The Line Unbroken – C1: Shadow of the Past

Although in fact the release of Black Riders at GenCon came after the release of Assault on Osgiliath, I decided to do it at this point since the cycle takes something of a narrative break after Encounter at Amon Din which it doesn’t after Osgiliath. To keep my progressing card pool consistent I won’t be using anything from Assault on Osgiliath yet, though I’m not sure I’d want to in any case.
This is a momentous occasion for The Line Unbroken for two reasons. Firstly you’ll note that this is episode C1 rather than 31. That’s because I’ve decided I’m going to be doing the Lord of the Rings saga quests in campaign mode, to show off how that impacts the quests and because it’ll be fun. And then the second reason is because at this point, with the exception of when I go back to Assault on Osgiliath, I’m moving onto quests not previously covered by the Progression Series. New and relatively unknown territory. Exciting times indeed.

There’s a lot to be said about campaign mode, deckbuilding for a campaign and in particular choosing heroes, since once you choose your heroes you are locked into those choices for several quests in a row on pain of threat penalties. That being said, I tend to feel that at the start of the campaign, the greatest concern in hero choices is the first quest – the need to pass Hide tests means there is an immediate demand for good willpower on your heroes, and readying effects are extremely useful as well – while you could make up for a hero willpower deficit by having good willpower allies, the allies wouldn’t start the game in play, and stage 2 of the quest makes Hide tests more difficult if you have lots of allies, so readying effects are probably the better option.

Of course, in my case four of my heroes are pre-chosen for me by standard Line Unbroken rules – the four heroes released in the box: Sam Gamgee, Merry, Pippin and Fatty Bolger. Since they’re all Hobbits, Fast Hitch is a cheap and effective readying effect so I’m pretty good on that front. But how to fill the remaining two hero slots? Well, while I would often be happy to throw theme out the window, in this particular instance I’m inclined to stick somewhat to it, making Aragorn the obvious choice for my fifth hero since he turns up in the events depicted in A Knife the Dark. He’s also a good choice, since Leadership Aragorn has an in-built readying effect, and I can load him up with Celebrian’s Stone and Sword that was Broken for tons of willpower. And then moving forward I’ll have the flexibility to switch between the Leadership and Lore versions of the hero as I feel like for different quests.
But who shall be my sixth hero? I considered a few different possibilities.
Glorfindel is the most thematic choice since he did turn up for Flight to the Ford in the book. But I have something of an aversion to him as too much of an overused easy option, and also putting him in as my final hero would give me the exact same lineup as the Tales from the Cards campaign, and I’d rather do something a bit different to what I’ve seen before.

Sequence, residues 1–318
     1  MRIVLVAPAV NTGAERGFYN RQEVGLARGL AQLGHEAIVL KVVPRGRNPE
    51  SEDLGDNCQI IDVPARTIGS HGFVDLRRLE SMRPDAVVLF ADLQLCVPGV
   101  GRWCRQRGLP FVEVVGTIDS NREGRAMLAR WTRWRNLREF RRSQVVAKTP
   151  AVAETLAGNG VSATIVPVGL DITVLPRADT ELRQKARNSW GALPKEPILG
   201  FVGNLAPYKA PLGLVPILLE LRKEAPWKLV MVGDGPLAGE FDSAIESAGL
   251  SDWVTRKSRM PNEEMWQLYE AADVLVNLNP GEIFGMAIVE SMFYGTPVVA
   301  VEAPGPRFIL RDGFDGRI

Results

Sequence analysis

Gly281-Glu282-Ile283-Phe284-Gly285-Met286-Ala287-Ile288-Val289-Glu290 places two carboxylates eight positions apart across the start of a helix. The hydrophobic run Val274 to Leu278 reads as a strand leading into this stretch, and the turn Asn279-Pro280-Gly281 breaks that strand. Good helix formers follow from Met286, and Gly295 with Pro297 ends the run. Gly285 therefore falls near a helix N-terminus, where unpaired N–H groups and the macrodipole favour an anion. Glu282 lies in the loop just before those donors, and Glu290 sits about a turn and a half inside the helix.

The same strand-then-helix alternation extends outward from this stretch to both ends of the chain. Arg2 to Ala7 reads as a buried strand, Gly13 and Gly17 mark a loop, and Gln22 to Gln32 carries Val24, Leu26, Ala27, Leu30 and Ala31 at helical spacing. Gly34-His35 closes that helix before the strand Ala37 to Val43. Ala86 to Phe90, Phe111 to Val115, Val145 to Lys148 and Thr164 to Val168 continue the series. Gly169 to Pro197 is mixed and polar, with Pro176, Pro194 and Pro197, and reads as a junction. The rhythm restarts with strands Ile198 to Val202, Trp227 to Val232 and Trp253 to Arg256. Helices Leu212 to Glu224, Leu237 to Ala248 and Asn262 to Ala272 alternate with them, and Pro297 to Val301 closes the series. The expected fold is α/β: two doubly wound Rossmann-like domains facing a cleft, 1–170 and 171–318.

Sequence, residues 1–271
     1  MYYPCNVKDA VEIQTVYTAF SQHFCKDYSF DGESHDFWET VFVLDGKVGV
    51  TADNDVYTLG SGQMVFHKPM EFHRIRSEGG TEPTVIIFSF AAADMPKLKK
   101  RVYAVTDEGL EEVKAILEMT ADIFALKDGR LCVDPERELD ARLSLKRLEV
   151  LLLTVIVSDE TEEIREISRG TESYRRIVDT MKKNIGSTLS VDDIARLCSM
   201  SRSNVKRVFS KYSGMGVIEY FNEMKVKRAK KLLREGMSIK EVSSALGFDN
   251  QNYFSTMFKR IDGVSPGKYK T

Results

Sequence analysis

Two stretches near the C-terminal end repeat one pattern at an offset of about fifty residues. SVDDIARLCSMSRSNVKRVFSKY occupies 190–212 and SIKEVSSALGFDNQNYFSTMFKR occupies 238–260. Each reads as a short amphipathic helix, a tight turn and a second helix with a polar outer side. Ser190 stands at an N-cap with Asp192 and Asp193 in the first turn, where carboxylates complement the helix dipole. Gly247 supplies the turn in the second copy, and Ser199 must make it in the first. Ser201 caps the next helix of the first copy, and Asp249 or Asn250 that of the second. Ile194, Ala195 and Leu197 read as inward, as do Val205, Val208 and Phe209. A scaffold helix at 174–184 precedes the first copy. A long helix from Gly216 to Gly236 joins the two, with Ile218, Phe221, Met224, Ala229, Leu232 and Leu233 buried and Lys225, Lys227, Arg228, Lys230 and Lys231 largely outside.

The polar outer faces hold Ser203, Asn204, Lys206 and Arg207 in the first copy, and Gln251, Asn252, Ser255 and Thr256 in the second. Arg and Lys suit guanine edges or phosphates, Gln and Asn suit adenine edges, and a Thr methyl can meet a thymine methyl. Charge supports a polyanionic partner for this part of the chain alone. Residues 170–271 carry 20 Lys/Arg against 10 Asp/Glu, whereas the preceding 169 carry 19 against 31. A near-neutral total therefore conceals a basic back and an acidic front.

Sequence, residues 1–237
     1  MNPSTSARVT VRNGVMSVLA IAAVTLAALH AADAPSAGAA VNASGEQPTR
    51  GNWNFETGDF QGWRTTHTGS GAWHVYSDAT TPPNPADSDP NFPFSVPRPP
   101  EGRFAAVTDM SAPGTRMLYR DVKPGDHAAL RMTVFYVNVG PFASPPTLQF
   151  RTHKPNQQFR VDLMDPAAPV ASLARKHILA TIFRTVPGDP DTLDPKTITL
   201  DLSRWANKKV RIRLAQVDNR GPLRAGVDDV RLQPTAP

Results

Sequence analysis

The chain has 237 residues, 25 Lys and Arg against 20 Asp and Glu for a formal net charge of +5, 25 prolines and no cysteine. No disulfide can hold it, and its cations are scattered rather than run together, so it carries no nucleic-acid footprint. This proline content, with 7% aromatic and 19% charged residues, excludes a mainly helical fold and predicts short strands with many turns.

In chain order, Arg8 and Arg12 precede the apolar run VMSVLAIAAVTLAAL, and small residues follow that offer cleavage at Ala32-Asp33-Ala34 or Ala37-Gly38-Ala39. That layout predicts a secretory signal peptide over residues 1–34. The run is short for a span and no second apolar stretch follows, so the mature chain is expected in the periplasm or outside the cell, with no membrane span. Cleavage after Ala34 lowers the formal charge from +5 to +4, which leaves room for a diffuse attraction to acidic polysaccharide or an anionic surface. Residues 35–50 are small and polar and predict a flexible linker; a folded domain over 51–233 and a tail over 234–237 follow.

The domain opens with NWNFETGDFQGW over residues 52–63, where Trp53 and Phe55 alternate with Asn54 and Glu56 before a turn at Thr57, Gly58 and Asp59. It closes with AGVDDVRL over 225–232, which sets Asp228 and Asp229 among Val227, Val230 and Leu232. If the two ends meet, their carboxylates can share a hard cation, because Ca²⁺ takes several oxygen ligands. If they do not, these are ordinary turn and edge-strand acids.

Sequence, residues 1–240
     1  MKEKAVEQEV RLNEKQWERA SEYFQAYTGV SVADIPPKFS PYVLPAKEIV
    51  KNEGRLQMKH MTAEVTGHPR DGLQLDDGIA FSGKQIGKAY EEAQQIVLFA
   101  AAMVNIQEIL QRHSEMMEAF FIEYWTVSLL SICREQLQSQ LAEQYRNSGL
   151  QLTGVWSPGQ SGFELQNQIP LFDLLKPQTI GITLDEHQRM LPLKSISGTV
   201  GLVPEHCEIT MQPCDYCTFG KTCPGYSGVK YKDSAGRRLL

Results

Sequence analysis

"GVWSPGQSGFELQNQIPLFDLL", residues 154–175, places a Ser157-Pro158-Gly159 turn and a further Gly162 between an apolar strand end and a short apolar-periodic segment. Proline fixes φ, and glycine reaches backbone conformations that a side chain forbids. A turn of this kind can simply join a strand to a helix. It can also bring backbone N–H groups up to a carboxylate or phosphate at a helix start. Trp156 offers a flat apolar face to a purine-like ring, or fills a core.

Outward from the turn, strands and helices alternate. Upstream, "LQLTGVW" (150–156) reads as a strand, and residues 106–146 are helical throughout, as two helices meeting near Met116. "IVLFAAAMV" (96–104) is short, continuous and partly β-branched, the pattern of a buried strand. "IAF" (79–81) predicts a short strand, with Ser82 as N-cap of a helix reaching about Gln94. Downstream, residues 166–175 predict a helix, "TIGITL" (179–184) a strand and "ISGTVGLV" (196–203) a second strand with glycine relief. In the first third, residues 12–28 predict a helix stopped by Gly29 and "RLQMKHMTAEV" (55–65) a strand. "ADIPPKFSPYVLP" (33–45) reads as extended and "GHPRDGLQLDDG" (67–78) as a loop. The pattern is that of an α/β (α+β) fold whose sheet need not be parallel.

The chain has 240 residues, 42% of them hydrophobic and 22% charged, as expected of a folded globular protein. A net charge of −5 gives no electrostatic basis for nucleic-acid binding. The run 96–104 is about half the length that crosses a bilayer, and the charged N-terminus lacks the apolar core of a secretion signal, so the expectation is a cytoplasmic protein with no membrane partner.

Elrond is a powerful option and one I’m rather fond of. In thematic terms, Elrond certainly had an interest in the events we’re portraying here, and perhaps it would’ve made more sense for him to venture forth in person from Imladris for this than for anything else we could choose to use him for… on the other hand, his high threat runs contrary to Hobbit strategies and would limit my flexibility as I’d want to keep him away from Aragorn since that’d be 31-32 starting threat if I put them together. Plus he tends to pull a lot of focus.
Bilbo Baggins would’ve been an interesting choice to just go for maximum Hobbit synergies, and the extra card draw is always welcome. To be honest one of the biggest points against him was simply that I’d used him twice recently and figured I’d like a change.
Dunhere would’ve been a pretty neat idea. Hobbits mean low threat so Dunhere gets a chance to do his thing, he’s great with Daggers of Westernesse, I could just have him charge the Black Riders in the staging area rather than engaging and having to defend them. The points against him though were that I want to make sure I have decent willpower for both questing and Hide tests and Fatty is already not helping much in that regard with his 1 willpower, that using Dunhere would run counter to Hobbit strategies with Sam and Pippin both benefitting from engaging enemies, and the fact that if I chose to run Dunhere, he would become the focus rather than the Hobbits. Since it’s their box, I want them to take more of the deckbuilding focus. Which brings me to my eventual choice:
Balin. Another favourite of mine, ever dependable but doesn’t hog the spotlight. Has 2 willpower which is OK, being a Dwarf gives me King Under the Mountain, the shadow cancellation will come in very handy, can pair up with Aragorn and enable round 1 Steward of Gondor, generally a great pick. Thematically we’re in weird territory here since Balin is supposed to be already dead in Moria at this point, but if we suppose that he wasn’t it’d be kind of fitting for Bilbo’s old friend to come back and help Frodo start his adventure. So, decklists:

A Conspiracy of Friends

Heroes:
Sam Gamgee
Merry
Pippin (Lo)

Allies (13):
Bill the Pony x2
Snowbourn Scout x3
Farmer Maggot x1
Barliman Butterbur x2
Dori x1
Warden of Healing x2